Today, International Day of the Girl Child, we can celebrate the progress made: 50 million more girls were enrolling in school in 2022 than in 2015: 22.5 million more girls in primary, 14.6 million more in lower secondary and 13 million more in upper secondary education.
While this is a positive story of progress, there remain 122 million girls out of school, as well as 128 million boys. Progress now needs to focus on girls in sub-Saharan Africa, who are still far less likely to go to school at any education level.
Afghanistan is also a zone of exclusion for girls since the Taliban have been in place. UNICEF found that 60% of girls of primary school age are not in school (compared to 46% of boys) and 74% of girls lower secondary school age are not in school either (compared to 50% of boys).Girls in school today have a higher chance to complete each cycle. Completion rates of girls increased from 86% in 2015 to 89% in 2022 in primary education, from 74% to 79% in lower secondary education and from 54% to 61% in upper secondary education. That means that five million more girls completed each of these three levels of education in 2022 than in 2015.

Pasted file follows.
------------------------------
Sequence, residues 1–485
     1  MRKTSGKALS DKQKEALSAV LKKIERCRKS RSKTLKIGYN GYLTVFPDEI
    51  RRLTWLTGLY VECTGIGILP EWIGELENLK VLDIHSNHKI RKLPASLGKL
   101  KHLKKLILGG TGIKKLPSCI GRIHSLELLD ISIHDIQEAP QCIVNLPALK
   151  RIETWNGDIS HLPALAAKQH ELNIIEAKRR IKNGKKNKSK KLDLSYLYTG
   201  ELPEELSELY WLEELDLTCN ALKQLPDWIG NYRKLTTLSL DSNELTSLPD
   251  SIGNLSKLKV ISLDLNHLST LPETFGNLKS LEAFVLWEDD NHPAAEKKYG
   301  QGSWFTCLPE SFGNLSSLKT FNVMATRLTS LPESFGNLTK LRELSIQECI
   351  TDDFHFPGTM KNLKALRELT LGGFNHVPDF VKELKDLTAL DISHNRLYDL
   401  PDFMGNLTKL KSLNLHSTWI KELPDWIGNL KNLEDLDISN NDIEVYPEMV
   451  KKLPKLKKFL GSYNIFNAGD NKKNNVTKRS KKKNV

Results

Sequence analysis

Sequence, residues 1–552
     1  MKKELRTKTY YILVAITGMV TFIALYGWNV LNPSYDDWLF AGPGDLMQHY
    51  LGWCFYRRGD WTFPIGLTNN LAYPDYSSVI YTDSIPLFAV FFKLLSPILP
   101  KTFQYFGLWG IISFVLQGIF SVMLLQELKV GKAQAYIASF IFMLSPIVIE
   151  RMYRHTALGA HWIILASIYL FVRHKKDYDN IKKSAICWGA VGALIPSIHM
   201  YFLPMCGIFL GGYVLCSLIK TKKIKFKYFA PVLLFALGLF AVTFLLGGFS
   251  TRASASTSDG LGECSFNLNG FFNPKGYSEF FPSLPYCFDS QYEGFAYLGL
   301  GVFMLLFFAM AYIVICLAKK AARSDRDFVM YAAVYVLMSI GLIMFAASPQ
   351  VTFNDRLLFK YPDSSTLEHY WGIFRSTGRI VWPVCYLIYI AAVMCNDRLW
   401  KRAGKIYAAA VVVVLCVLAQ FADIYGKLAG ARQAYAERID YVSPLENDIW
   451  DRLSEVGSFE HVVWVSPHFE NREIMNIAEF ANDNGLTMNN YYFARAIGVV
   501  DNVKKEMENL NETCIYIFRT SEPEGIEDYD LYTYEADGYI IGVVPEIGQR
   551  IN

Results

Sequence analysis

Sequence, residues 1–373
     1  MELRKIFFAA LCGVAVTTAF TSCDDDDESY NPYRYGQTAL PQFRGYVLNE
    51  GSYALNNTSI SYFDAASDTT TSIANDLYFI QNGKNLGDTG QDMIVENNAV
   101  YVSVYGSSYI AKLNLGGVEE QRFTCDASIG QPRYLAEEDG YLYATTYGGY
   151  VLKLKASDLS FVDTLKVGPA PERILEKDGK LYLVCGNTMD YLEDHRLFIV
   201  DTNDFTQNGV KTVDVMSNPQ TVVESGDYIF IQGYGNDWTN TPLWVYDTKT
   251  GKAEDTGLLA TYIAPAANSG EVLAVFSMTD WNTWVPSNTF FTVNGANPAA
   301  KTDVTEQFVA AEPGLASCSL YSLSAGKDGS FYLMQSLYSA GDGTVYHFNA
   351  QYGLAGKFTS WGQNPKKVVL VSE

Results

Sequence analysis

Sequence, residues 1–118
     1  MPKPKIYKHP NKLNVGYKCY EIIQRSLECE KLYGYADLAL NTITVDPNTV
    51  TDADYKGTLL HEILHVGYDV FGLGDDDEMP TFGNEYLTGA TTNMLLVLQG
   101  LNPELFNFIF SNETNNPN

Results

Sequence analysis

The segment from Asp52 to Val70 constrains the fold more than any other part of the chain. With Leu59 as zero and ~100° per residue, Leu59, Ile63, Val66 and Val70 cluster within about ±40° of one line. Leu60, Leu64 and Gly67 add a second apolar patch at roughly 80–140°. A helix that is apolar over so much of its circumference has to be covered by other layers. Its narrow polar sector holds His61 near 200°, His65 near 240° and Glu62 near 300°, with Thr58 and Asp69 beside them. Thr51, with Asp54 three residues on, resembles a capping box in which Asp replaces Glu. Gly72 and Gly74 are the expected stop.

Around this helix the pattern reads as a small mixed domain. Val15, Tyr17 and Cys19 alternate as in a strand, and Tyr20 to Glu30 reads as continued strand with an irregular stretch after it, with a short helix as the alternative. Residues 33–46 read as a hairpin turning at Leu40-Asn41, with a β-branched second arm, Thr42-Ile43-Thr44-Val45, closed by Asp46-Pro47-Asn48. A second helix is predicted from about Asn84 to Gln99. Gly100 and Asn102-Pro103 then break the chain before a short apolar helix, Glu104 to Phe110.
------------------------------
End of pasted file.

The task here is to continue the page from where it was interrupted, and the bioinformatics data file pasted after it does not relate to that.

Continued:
Girls are now also outperforming boys in reading across all education levels and country income groups and are increasingly performing at the same level as boys in mathematics.
The proportion of teachers that are female meanwhile increased across primary, lower and upper secondary education, cementing the fact that it is a feminized profession across the board. The proportion of teachers that are female at the pre-primary level dropped by less than one percent yet remains heavily female, at 94%.
There has been little change in the proportion of schools with single sex toilets, however, falling from 80% in 2016 to 79% in 2022 in primary, but remaining constant at 91% in lower secondary.
SDG4 mid-term progress review: progress since 2015 has been far too slow
SCOPE website with interactive graphs explaining the trends behind the data on education gaps between girls and boys
VIEW website with country-specific data on out-of-school and completion rates by gender
WIDE website with graphics showing gender gaps in education opportunities, including primary completion rates, secondary completion rates and learning proficiency, and youth literacy